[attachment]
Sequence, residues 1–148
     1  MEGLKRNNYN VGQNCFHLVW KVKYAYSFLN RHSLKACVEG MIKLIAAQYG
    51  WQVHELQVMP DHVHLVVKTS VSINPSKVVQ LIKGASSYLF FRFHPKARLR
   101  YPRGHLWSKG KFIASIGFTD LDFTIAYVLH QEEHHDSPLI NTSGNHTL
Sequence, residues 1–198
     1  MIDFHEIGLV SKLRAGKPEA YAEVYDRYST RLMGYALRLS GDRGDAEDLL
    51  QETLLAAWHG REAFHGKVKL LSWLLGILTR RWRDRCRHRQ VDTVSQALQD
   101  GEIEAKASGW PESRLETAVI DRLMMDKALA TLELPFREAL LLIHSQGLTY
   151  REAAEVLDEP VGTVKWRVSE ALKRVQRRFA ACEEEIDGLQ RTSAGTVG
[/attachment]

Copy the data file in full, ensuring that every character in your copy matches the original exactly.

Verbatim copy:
Sequence, residues 1–148
     1  MEGLKRNNYN VGQNCFHLVW KVKYAYSFLN RHSLKACVEG MIKLIAAQYG
    51  WQVHELQVMP DHVHLVVKTS VSINPSKVVQ LIKGASSYLF FRFHPKARLR
   101  YPRGHLWSKG KFIASIGFTD LDFTIAYVLH QEEHHDSPLI NTSGNHTL
Sequence, residues 1–198
     1  MIDFHEIGLV SKLRAGKPEA YAEVYDRYST RLMGYALRLS GDRGDAEDLL
    51  QETLLAAWHG REAFHGKVKL LSWLLGILTR RWRDRCRHRQ VDTVSQALQD
   101  GEIEAKASGW PESRLETAVI DRLMMDKALA TLELPFREAL LLIHSQGLTY
   151  REAAEVLDEP VGTVKWRVSE ALKRVQRRFA ACEEEIDGLQ RTSAGTVG